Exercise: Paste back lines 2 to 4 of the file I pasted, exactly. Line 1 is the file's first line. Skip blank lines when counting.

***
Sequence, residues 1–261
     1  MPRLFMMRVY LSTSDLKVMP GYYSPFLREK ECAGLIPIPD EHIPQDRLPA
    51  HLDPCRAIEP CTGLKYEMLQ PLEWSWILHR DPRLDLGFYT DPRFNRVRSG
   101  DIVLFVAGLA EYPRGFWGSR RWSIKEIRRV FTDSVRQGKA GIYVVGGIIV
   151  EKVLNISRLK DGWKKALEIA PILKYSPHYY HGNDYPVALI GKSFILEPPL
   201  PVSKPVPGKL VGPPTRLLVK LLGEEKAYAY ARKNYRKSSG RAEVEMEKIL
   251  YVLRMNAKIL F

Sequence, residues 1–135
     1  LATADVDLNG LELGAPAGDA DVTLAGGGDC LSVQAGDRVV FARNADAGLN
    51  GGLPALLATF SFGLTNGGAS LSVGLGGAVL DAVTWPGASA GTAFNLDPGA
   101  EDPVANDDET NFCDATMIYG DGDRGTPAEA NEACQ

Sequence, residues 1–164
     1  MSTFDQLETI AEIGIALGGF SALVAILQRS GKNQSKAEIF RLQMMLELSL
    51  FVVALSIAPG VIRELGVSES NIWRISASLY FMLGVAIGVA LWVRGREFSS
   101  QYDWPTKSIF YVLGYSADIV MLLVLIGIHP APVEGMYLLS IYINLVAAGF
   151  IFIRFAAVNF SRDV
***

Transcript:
     1  MPRLFMMRVY LSTSDLKVMP GYYSPFLREK ECAGLIPIPD EHIPQDRLPA
    51  HLDPCRAIEP CTGLKYEMLQ PLEWSWILHR DPRLDLGFYT DPRFNRVRSG
   101  DIVLFVAGLA EYPRGFWGSR RWSIKEIRRV FTDSVRQGKA GIYVVGGIIV